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Cryptologic Hall of Honor

The Cryptologic Hall of Honor was created in 1999 to pay special tribute to the pioneers and heroes who rendered distinguished service to American cryptology.

The standards are high for induction into this great hall. The individuals honored were innovators over their entire careers or made major contributions to the structure and processes of American cryptology. The men and women who have been inducted to the Cryptologic Hall of Honor are all greats in the once silent world of cryptology.

In the early days of America's cryptologic effort, many of the "giants" did both Signals Intelligence and Information Assurance. They made important contributions to both offensive and defensive cryptology. As such, they were among the first inducted into the Cryptologic Hall of Honor. 

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Lester K. Myers, 2020 Hall of Honor inductee
Lester K. Myers
By | Dec. 15, 2020
About Lester K. Myers, former NSA Senior Language Analyst, mentor, and 2020 Hall of Honor inductee.

Dr. Whitfield Diffie, 2020 Hall of Honor inductee
Dr. Whitfield Diffie
By | Dec. 15, 2020
About Dr. Whitfield Diffie, computer security pioneer and 2020 Hall of Honor inductee.

Barbara A. McNamara, 2020 Hall of Honor inductee
Barbara A. McNamara
By | Dec. 15, 2020
About Barbara A. McNamara, former NSA Executive Assistant to the Director, former NSA representative to the Department of Defense, former Deputy Director NSA, and 2020 Hall of Honor inductee.

Dr. David Kahn, 2020 Hall of Honor inductee
Dr. David Kahn
By | Dec. 15, 2020
About Dr. David Kahn, Journalist, Author, former NSA Scholar-in-Residence, and 2020 Hall of Honor inductee.

George R. Cotter 2020 Hall of Honor inductee
George R. Cotter
By | Dec. 15, 2020
About George R. Cotter, former NSA Chief of Staff, NSA Chief Scientist, and 2020 Hall of Honor inductee.

Ralph W. Adams, Jr.

2015 Hall of Honor Inductee

African American Honoree

Ralph W. Adams, Jr., a graduate of the University of Nebraska, served in the Army Security Agency in Vietnam as a linguist in 1961, and came to NSA in 1965. Widely recognized for his near-native language skills, he served multiple tours in Vietnam as a language analyst for NSA. Mr. Adams served in Vietnam also as a senior language advisor to both the U.S. Army and the Army of the Republic of Vietnam (ARVN). He was one of the final NSA'ers to escape before the fall of Saigon in 1975.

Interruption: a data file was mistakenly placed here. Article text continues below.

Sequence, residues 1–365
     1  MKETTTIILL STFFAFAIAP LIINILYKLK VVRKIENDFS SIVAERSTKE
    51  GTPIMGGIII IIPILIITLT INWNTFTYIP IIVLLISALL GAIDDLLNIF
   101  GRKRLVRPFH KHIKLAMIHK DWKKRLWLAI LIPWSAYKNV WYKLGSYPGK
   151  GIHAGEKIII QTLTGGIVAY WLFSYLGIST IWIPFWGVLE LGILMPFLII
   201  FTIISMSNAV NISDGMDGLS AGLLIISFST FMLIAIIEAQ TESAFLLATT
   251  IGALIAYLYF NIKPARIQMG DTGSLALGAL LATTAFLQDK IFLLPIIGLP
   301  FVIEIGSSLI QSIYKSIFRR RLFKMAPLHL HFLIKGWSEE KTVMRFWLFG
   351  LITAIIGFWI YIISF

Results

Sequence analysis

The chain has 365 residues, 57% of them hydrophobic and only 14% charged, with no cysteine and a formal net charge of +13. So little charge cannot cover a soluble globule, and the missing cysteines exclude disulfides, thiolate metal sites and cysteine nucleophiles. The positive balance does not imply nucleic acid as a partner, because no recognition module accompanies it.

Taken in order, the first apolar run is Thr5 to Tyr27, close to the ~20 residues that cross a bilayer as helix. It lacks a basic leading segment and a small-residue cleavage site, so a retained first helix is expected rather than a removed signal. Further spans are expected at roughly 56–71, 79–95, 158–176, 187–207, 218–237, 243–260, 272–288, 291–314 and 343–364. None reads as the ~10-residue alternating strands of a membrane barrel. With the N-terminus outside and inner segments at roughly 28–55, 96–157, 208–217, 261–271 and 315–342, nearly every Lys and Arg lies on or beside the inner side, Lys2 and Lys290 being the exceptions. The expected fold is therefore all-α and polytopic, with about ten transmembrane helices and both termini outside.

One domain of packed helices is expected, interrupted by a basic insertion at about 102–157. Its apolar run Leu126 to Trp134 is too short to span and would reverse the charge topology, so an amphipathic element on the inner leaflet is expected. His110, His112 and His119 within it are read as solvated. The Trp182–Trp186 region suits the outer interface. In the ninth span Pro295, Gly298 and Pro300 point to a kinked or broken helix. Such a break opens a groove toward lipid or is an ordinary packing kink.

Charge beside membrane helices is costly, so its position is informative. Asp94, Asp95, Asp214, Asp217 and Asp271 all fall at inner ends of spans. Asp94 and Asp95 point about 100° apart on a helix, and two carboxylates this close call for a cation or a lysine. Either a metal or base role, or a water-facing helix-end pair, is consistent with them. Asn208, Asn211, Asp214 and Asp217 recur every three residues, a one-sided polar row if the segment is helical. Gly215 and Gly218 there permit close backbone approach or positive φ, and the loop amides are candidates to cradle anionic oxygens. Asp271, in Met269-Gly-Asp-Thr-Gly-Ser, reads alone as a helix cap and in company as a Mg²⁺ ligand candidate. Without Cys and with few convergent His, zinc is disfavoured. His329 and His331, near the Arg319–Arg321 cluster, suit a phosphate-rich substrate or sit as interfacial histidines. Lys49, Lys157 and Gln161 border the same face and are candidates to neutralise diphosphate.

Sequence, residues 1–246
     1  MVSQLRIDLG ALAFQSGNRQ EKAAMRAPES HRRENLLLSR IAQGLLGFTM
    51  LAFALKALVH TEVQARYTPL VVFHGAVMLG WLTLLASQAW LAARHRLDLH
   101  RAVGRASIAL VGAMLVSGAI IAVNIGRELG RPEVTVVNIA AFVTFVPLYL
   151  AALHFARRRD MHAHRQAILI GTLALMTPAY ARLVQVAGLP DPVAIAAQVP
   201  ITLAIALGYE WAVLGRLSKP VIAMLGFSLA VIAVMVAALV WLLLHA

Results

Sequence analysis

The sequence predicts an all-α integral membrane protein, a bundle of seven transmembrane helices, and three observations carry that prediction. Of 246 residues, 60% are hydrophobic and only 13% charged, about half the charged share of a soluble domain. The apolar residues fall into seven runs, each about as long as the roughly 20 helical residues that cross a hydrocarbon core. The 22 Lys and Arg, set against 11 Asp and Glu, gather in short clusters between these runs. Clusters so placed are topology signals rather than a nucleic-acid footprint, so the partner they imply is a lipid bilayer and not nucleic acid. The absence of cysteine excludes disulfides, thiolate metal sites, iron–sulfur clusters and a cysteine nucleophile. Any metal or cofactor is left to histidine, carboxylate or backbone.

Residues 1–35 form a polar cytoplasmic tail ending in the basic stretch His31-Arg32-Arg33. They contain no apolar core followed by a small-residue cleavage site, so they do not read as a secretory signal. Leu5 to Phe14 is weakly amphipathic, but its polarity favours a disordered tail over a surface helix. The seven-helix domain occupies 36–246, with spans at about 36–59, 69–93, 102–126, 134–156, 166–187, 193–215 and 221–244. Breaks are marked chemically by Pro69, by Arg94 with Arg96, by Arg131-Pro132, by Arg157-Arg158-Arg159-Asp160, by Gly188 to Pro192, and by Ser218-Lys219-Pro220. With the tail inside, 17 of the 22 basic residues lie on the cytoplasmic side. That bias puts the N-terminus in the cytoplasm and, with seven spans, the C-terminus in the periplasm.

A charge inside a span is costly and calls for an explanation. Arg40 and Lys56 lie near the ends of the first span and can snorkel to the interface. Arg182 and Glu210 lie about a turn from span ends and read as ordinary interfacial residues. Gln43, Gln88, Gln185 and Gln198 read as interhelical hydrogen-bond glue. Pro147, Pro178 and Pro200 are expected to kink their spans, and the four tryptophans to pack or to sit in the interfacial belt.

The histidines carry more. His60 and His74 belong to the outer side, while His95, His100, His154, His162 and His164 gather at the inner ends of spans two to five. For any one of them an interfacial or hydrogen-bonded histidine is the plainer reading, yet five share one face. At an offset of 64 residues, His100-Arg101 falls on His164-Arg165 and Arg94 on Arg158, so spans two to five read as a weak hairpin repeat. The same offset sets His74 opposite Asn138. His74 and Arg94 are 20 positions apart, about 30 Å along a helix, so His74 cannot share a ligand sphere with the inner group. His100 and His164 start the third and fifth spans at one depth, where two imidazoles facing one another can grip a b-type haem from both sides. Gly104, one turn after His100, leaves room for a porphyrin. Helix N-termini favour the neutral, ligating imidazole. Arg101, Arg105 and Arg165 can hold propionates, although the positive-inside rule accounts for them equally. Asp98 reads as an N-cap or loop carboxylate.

Over the next 20 years, Mr. Adams held positions of increasing responsibility at NSA. In the late 1980s he was chief of a major overseas liaison office. He served, from 1985-1988, as chief of Legislative Affairs. During this time he received the Exceptional Civilian Service Award for "demonstrating exceptional managerial and professional abilities…" In 1987, Mr. Adams' accomplishments in the cryptologic community were recognized with the Presidential Rank Award of Meritorious Executive.

Mr. Adams, as chief of a major group in the production organization, the Directorate of Operations, led an innovative restructuring of his group which served as a model for similar efforts across the directorate. This restructuring helped get maximum advantage from scarce analytic resources as well as foster more collaboration and technical exchanges.

Mr. Adams in April 1990, became NSA's Inspector General, then, in 1992, was appointed as Chief, NSA/CSS Pacific. Mr. Adams finished his career as the second highest ranking civilian at NSA, the Executive Director from 1995 to 1996.

Throughout his career, Mr. Adams was a strong advocate for diversity in the workplace and fostered awareness of diversity issues. He was one of the original program managers for the Stokes Educational Scholarships, designed to facilitate the recruitment of individuals, particularly minority high school students.

When he retired in 1996, Mr. Adams was presented the National Intelligence Distinguished Service medal, the highest Intelligence Community award for distinguished and meritorious service.